riolo_comment_orphan Re: Comment on Orphan Works (70 FR 3739) Dear Copyright Office, Here, I am not going to address any of the specific

questions that appeared in the Federal Register Volume 70, Number 16, Page 3739 to 3743. I am not going to repeat countless proposals made by other people. Instead, I will make a general comment on your approach as manifested in your 56 questions about the problem with orphan works. What you are going to do is just silly. It is your office that created the problems with orphan works at the first place. Asking people for input to solve the problems that you originally started is like asking people to rebuild your house after you intentionally tore it down. You may ask what you did that started the problem. There are two things that you did that totally destroyed the delicate balance between the authors and the public. You removed the requirement to place copyright notice on a work in order to obtain copyright and to register the same work for copyright. Without notice and registration, there is no effective way to determine the date and owner of copyright. It is just that simple thing to do and yet, you do not want to do it. Second thing is that you extended the copyright term ad infinitum. You extended copyright term in 1976 (law became effective in 1978). You again extended copyright term in 1998. I shudder to think what you will do as the extended copyright term starts to expire in 2019. You may be tempted to extend copyright term again. This creates the problem with orphan works. That is the simple explanation for the problem. And, there is simple solution to it: Shorten the copyright term. I am illustrating the magnitude of the problems that originated from your office. Every year, many million or even several billion pictures are made in the U.S. using all different kinds of technologies that are available to both amateur and professional photographers. That sounds good at first. But as the years go by, people will find it increasingly difficult to locate the author of the pictures and determine the date of copyright in these pictures. Also, as the old technologies become obsolete, pictures in the old technologies face the danger of being obliterated. Eventually, copyright that is designed to promote the progress of science and arts becomes Grim Reaper for these orphaned pictures. Is that what you really want to do? However, none of the above will matter. You chose to stay within the prison of Berne Convention. You are afraid to break away from the prison. You are afraid to think outside the box of Berne Convention and other treaties. You have no courage to wrestle the problem with bare hands. Instead, you will create exceptions to exceptions to exceptions in copyright law to the point that the copyright law and regulations will seem to be as thick and absurd as tax law and regulations. Because you don't want to leave the prison of Berne Convention, you choose to create sanctuary within prison (i.e., Section 108(h)). But then, you create smaller prisons within sanctuary (i.e., Section 108(h)(2)(A) to 108(h)(2)(C)) and the whole process repeats. To repeat what I said above, the solution to the problem of orphan Page 1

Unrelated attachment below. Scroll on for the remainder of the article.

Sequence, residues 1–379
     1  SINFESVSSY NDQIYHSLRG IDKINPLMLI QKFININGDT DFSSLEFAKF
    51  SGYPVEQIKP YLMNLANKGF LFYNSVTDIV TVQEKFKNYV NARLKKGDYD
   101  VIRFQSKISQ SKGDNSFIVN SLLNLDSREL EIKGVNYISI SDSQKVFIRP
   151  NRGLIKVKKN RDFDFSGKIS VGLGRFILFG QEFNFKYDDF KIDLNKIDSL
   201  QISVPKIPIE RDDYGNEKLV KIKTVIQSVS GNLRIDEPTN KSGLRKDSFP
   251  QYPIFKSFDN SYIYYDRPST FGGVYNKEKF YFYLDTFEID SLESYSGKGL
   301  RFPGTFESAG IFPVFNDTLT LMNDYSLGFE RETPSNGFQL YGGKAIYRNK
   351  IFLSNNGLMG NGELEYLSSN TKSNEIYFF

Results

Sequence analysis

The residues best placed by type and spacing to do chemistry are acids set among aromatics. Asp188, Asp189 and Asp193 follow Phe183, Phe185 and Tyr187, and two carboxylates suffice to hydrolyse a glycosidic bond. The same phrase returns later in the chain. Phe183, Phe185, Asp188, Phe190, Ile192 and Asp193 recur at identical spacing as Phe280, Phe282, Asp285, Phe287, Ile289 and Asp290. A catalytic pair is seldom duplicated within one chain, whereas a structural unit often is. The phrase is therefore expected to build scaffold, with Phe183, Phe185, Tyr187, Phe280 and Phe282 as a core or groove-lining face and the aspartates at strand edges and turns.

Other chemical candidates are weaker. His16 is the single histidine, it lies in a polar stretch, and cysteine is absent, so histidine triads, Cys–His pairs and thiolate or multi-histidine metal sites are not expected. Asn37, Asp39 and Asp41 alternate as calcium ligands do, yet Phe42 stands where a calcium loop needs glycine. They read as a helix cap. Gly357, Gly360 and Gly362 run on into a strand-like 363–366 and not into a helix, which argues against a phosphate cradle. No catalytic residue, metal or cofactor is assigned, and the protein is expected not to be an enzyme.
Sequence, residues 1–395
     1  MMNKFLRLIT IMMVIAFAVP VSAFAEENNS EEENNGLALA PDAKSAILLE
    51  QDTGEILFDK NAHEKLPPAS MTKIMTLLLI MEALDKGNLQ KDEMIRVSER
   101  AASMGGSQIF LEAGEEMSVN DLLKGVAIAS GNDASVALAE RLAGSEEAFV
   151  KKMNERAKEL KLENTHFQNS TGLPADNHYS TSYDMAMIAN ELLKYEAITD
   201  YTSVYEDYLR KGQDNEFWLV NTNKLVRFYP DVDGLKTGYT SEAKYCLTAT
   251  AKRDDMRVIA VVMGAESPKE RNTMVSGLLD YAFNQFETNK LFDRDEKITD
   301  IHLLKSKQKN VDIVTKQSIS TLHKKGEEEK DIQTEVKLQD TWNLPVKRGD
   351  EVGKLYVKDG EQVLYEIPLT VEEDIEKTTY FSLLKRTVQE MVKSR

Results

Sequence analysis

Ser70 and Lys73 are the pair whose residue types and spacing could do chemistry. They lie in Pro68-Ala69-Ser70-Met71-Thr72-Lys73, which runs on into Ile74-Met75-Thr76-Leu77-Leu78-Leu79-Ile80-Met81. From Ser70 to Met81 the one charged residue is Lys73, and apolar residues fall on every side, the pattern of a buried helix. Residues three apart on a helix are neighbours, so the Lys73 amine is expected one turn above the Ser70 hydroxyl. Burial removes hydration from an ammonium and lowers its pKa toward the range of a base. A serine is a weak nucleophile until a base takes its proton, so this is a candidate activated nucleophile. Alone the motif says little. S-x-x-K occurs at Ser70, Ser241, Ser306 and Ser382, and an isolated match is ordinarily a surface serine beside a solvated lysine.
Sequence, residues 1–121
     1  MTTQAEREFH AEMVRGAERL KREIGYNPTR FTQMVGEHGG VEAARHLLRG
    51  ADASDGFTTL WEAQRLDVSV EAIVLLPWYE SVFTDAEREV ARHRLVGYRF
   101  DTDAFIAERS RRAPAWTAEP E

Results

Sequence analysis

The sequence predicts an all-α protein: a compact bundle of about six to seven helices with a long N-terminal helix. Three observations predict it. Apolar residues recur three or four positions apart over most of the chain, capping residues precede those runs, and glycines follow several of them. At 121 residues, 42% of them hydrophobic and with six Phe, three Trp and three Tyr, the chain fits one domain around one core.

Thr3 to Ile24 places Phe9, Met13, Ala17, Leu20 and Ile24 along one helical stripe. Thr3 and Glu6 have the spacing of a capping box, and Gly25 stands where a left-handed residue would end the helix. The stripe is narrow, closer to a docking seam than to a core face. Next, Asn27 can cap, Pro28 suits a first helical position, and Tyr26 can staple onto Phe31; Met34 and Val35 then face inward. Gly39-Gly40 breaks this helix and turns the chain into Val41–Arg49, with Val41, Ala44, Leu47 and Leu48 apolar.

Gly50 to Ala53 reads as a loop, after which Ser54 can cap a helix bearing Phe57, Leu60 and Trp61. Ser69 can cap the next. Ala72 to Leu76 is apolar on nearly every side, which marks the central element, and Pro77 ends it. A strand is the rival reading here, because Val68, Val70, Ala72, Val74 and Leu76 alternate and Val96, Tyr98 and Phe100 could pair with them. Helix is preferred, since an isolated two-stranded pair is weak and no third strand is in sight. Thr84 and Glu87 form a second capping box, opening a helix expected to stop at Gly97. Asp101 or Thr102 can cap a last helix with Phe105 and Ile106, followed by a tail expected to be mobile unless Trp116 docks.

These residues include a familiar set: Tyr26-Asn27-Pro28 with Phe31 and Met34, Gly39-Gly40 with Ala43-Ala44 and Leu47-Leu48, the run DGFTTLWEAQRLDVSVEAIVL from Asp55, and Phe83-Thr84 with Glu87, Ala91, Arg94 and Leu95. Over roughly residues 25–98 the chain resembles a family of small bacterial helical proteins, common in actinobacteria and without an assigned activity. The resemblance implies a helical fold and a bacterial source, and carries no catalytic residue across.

riolo_comment_orphan works is to require copyright notice and registration and to shorten copyright term to no more than 50 years. You will be amazed how the simplicity can conquer the complexity. Sincerely, Joseph Pietro Riolo Public domain notice: I disclaim the entirety of copyright in this letter. I hereby dedicate the entirety of this letter to the public domain.

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